I am proud of who I am, what I have to offer and that my compassion for others has never ceased no matter how much I have been hurt. No matter how much my expectations have let me down, I am still able to practice loving kindness. I believe no matter how other people perceive who you are if you develop a strong connection with yourself and a strong self-awareness, you will become unstoppable. You will still experience pain, shame, blame, guilt, anger and despair, as these are normal human emotions to experience. But no matter what people say of you, perceive you or the picture they want to paint, only you truly know how you feel. So have the courage to be brave and say how you feel, regardless of what others may think of you. At the end of the day, it's their own judgements that will hinder their own growth. If you believe in yourself, then you will bloom in no time.

Wednesday, 28 February 2018

I met someone whose eyes showed me that the past, present and future were all the same thing

I have been doing a lot of self-reflection as of late. I think the more you grow older, you start to process things at an urgent level to grow out and set yourself up to become the best version of yourself. You have a handful of experiences under your belt such as relationships, friendships, social circles, degrees and so forth. You learn a lot about yourself through connections with others. Some have been life-changing in a positive or negative way. You start to understand pros and cons of your experiences, and life becomes a balancing act that can be proven quite challenging at times. But you survive to the best of your ability. Your best of abilities change depending on what life is throwing at you during that time. 

One of my biggest life-changing experiences was through a negative experience at the time. Adapting to relationships when struggling with a BPD diagnosis was challenging for a whole range of reasons. However, abandoment was the thing I feared the most due to my mental make up. I tended to attach myself to people I knew deep down would probably leave, however, my greater expectations got the better of me and I convinced myself that everyone would love everyone unconditionally. I was not aware of my own boundaries so it was easy for me to cross others. I assumed I knew how people felt. My own self-hate splashed onto my partners during crisis melting point making it impossible for them to understand me. And do you know where most peoples mental illness behaviours stem from? Not danger. People experiencing mental health issues aren't 'dangerous'. We are SCARED. INTERNALLY SCARED. I believe we have to keep that in mind when we come across someone in distress.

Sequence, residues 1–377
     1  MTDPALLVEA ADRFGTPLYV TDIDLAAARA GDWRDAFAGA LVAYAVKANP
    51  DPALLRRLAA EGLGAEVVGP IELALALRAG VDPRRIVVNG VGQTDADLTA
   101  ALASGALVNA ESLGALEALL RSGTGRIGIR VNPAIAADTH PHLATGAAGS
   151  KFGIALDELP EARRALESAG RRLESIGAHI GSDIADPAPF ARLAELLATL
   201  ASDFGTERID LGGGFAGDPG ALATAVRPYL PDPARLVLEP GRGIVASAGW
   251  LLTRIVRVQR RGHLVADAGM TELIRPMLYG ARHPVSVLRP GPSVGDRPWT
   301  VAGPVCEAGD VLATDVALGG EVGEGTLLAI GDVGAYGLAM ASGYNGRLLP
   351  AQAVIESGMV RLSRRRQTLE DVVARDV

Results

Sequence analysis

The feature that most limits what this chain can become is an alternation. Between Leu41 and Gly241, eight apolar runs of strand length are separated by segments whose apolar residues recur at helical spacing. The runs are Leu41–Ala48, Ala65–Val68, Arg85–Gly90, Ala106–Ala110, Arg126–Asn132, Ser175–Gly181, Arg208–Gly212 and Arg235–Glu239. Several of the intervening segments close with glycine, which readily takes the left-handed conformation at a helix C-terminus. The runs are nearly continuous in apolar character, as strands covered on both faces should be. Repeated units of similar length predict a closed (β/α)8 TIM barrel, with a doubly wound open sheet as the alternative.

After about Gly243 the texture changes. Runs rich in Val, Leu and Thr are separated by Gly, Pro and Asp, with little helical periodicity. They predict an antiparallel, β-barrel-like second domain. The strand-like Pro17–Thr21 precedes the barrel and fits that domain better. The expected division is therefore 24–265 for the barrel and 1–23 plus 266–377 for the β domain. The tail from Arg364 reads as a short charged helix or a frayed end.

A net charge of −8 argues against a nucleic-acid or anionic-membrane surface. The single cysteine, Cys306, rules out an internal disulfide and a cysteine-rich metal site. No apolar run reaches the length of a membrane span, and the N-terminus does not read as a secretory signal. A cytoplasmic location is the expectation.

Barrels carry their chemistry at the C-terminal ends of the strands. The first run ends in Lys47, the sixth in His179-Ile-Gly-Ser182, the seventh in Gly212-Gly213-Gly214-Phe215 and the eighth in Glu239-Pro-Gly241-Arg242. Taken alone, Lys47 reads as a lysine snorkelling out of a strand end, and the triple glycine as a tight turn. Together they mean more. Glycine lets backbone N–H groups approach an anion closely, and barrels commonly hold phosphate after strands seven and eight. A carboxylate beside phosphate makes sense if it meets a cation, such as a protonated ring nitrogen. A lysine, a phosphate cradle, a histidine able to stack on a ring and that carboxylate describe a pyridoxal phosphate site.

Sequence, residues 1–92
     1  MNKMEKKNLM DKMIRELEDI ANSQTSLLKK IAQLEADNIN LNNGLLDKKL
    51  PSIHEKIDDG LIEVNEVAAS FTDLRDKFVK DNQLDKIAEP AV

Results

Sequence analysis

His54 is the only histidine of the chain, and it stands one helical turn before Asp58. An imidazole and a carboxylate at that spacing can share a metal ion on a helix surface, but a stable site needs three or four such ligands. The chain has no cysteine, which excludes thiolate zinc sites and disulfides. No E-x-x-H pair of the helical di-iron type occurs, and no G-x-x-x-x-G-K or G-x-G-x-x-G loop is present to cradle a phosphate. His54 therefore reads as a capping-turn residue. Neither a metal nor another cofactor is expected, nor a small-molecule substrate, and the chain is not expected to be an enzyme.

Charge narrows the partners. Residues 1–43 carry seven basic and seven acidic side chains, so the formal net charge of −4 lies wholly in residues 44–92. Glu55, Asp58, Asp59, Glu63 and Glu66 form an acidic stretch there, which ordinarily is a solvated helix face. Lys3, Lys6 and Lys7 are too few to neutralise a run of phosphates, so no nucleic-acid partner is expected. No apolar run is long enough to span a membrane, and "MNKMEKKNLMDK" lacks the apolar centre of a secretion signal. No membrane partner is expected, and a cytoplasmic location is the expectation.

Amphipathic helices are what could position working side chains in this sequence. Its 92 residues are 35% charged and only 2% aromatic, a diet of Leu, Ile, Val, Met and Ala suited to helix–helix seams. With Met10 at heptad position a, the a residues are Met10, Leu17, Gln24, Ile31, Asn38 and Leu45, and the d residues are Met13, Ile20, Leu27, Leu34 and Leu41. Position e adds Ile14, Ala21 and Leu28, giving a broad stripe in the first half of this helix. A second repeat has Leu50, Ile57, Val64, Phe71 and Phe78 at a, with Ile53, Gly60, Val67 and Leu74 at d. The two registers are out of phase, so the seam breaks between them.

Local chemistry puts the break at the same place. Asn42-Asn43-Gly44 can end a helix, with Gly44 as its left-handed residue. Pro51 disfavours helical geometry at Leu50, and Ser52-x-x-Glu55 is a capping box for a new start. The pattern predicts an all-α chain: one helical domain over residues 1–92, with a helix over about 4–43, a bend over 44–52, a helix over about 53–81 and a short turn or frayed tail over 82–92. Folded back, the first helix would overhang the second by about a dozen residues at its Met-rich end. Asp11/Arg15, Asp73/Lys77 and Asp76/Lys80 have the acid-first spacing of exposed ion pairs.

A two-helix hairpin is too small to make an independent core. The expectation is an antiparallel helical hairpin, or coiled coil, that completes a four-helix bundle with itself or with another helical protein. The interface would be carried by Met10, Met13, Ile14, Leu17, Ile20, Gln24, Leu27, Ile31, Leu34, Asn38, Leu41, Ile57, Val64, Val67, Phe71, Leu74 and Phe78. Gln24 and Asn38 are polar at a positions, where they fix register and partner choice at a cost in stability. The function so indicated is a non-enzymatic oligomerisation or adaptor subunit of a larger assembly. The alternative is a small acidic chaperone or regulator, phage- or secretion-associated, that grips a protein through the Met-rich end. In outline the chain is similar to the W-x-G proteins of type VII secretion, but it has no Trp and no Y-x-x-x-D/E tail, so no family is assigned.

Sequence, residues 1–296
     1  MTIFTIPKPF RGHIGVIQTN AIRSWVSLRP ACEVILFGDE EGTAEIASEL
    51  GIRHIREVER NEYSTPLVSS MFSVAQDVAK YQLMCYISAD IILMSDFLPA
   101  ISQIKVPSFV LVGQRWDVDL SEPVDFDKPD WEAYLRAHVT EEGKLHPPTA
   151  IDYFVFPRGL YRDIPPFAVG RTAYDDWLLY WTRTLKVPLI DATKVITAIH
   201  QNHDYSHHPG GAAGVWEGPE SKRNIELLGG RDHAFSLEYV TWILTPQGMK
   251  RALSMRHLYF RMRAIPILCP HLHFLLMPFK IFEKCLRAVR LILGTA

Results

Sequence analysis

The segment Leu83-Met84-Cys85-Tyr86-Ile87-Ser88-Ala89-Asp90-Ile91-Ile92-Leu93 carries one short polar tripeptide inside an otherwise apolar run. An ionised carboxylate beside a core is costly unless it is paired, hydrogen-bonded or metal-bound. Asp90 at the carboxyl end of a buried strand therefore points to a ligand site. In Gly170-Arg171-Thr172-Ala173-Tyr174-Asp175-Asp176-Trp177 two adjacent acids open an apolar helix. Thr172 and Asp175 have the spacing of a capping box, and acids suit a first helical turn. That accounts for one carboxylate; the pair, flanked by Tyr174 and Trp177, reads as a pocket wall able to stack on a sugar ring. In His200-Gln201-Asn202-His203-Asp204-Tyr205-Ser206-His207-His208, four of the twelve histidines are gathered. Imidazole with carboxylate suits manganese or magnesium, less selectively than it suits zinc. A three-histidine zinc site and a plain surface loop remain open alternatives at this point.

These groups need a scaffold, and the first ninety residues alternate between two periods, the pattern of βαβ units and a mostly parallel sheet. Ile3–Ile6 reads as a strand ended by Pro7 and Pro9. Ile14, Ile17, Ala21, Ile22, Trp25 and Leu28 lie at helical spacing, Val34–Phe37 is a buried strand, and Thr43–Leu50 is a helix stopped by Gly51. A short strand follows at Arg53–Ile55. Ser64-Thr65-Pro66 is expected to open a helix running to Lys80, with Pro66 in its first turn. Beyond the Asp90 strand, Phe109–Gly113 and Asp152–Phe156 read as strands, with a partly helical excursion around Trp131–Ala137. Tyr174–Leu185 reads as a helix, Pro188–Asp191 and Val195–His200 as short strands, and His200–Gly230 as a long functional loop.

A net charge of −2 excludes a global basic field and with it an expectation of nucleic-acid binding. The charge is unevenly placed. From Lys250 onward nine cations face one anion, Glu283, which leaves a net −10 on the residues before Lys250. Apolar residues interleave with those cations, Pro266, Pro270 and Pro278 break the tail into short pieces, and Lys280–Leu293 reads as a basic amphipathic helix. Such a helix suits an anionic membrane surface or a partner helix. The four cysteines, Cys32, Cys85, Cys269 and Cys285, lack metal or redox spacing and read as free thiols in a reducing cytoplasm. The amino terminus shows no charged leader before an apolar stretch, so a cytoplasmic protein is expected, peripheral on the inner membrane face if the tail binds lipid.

Being on the other end of recovery, there is no reason to blame the other person when a relationship tends to fail. Blaming is a coping mechanism we use to be able to shield the distress from us and reflect it back on to someone else. I made that mistake in the past and it hindered my recovery. Its the only skills I knew at the time. When in reality we should be questioning our own selves. We have feelings that are valid during distress if someone has HURT us (anger, sadness, despair, stress), but the way someone hurts you say more about the relationship they have with themselves. I believe we are all humans who are work in progress, over humans who are built to ruin each other. I don't think anyone goes into a relationship wanting to destroy someone else. If they show behaviours to do that, it's their own self they are destroying. Its the internal hate for themselves mirroring back at them through the connection they have made with you. I don't think anyone is born inherently evil. People do hurtful things in reactions to own pain. Once we begin to understand that, we can detach from people whose morals and values don't align with our own truths. 

I met someone who showed me something in the most painful way through their own hurtful behaviours. Behaviours I believed were my fault. Behaviours I started to take accountability for on top of my own mistreatments of others. Behaviours that are driven by our own thoughts, feelings and emotions. We are all human beings at the end of the day, clawing at each other for survival as that is the only way we know how to cope. But once you start reflecting your own self, learning about your own behaviours, flaws and also learning about your own strengths and what you have to offer, that is when you will be able to connect with people on a deeper level. That's when you will start to feel like you can survive in a safe way. 

When looking in the mirror and seeing your own self-reflection, question your thoughts, feelings and emotions. Start to own them, even if you did fuck up along the way. Even if you didn't express them in ways society demands as 'normal'. It took me crumbling into a pile on the floor to pick myself back up and become whole again. I was the only one who could save myself from the pain I endured. I let people in who could help me heal, and spat out the ones who made the painful sting. But never apologise for being who you are, as there is only one of you. No matter what anxieties you have when it comes to reflecting your past and thinking about your future. Its about who you are now and nourishing your own growth at your own accord.